Ants were swarming the hose connection earlier in the week.  I don't know if they were looking for water or what.  It was a bit disconcerting!


This is a kingbird atop the empty feeder.  A pair of these have built a next in the windbreak and like to dive at me and squawk when I go past the tree.  They hover above me and make as much noise as possible.  This is the first year I can remember them nesting in the trees, though I always see several of them in my yard each year.

Monday, May 20, 2013

Warmth vanishes

Cold and wet weather returned to Wyoming.  The ducks are now in the greenhouse where they stay dry and out of the high wind.  We had to snag the ducks out of their pen yesterday when the temperature dropped to around 45 and it continued to rain.  They don't have their adult feathers yet and they were soaked when we went out to check.  We herded them into a cage, then moved them over to the greenhouse (all the plants that were hardening off had to come in the house--this is a chaotic time of year).  I do have to check on them to be sure they don't get too warm.  I think they preferred the pen, though maybe they just don't like being chased into cages and relocated!

I noticed their beaks are different colors.  I looked this up and that is apparently how you determine the sex of the ducks.  The lighter peach colored beaks are the females.  We have two females and three males.  It really did not matter to us what sex they were since they are just bug-eaters.



Beak colors indicate sex
It continues to be cold today (50 degrees) and the wind is 15 to 20 mph.  The rain is slowing, so they may be able to go back to their pen tomorrow or Wednesday.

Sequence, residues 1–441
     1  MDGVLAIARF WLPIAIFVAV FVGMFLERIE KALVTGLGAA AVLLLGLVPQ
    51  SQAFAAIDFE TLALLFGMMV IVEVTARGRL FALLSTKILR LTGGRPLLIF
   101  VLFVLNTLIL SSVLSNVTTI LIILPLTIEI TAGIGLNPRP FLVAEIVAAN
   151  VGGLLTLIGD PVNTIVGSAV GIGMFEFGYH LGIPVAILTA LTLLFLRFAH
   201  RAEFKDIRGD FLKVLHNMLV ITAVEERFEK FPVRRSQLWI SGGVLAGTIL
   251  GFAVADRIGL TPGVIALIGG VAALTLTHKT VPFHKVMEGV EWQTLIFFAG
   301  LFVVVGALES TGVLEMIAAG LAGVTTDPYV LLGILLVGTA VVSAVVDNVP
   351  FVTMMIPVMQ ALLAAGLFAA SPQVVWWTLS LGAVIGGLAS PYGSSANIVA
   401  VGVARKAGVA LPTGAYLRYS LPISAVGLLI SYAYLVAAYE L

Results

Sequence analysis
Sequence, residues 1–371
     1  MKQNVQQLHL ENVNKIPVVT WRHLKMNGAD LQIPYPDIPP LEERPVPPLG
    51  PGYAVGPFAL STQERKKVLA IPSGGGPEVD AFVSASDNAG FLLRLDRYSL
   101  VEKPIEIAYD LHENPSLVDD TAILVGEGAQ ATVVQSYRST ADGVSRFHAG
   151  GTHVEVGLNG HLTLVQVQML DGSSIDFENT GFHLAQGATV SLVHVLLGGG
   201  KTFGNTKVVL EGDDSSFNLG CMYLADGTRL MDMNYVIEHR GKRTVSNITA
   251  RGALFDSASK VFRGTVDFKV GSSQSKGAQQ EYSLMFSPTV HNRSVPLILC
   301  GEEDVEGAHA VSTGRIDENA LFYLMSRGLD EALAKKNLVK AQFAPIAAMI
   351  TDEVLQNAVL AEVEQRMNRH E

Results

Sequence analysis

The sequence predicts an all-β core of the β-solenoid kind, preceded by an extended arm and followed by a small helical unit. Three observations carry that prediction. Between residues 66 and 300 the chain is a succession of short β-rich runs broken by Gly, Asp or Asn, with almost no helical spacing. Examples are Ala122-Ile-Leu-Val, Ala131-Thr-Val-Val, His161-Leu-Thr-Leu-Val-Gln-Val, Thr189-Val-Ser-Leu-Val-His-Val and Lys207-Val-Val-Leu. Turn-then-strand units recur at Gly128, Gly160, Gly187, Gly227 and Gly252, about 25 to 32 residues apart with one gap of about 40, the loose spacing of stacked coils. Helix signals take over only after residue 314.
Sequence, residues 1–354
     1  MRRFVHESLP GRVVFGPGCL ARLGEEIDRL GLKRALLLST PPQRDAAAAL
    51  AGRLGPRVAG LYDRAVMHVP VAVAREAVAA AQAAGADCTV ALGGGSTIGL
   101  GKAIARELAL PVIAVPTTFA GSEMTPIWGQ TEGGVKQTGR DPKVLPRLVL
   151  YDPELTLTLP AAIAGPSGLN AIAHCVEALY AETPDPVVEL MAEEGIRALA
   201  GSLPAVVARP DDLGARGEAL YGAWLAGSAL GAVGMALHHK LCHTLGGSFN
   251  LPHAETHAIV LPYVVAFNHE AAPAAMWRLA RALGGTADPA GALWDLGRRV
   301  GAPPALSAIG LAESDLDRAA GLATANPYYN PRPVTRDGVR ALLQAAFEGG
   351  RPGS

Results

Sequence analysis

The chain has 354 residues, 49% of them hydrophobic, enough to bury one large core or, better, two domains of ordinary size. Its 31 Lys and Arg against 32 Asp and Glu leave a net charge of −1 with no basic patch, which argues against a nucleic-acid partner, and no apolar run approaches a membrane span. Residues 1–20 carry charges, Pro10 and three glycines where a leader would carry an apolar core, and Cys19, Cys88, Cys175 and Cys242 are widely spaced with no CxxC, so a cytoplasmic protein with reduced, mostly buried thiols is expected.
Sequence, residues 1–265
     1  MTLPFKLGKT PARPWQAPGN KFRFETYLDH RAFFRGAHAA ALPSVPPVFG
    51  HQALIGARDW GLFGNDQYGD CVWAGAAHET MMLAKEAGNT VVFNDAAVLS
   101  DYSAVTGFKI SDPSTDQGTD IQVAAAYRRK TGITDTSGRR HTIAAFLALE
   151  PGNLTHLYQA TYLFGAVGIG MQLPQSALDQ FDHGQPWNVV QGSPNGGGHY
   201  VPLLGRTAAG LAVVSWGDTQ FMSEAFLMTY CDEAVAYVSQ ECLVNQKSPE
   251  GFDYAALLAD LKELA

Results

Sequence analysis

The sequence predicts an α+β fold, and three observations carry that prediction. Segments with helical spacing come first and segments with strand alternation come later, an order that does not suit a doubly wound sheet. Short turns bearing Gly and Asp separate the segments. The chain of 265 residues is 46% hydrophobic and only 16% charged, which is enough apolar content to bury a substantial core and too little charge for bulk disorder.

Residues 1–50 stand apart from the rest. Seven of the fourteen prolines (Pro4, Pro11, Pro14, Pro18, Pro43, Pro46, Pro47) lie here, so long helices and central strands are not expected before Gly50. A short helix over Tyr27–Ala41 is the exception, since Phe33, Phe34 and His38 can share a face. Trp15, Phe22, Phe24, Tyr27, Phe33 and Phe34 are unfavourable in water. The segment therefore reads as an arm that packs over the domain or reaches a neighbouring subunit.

(This will be after I modify the tarp over the pen.  It was nicely waterproof, but also collected a lot of rain, sagging down and damaging the chicken-wire cover to the cage.  Since it has been quite some time since we had any significant rainfall, I had not thought of this possibility.)

Friday, May 17, 2013

Here come the ducks!

 Our baby ducks arrived April 26th.  You see they were very small when we brought them home.  These are Pekin ducks.  Last year we had Rouens.  We raise the ducks to serve as bug and weed control, then butcher them in the fall.  Last year, the Rouens had started laying eggs and we did not know this until this spring when we cleaned out the duck house.  This year we will watch more closely.

These ducks grew very quickly.  We had them in the garage in the duel sided pen from last year (see June 19, 2012 on this blog).  However, because they grew quickly, we put them outside at three weeks of age.
Everything I have read says ducks have to stay warm, but ours have always been kept at 60 to 70 degrees since day one.  Moving them outside actually was warmer than the garage pen.  The cold has no effect on them.  However, when the mercury hit 88 degrees one day, they were panting significantly.  I sprayed the tarp on their cage down and wet the ground to help cool them.  Mornings when it's 45 degrees they are out peeping roaming around the pen.

 This is at about a week in age.  They more than doubled in size during this period.  They were getting cramped in the three foot by three foot pen, even at this age.  And MESSY.




To the bottom right, this is one of their first days out.

                 

 Below:
You can just see their wings starting to feather out.  They look so funny with the tiny little wings--almost like arms!  They are also getting more white with each passing day.  Unlike the ducks last year, these are not as friendly.  They will come over when I talk to them, but only cautiously.  They also lay down a lot, especially when they seem frightened.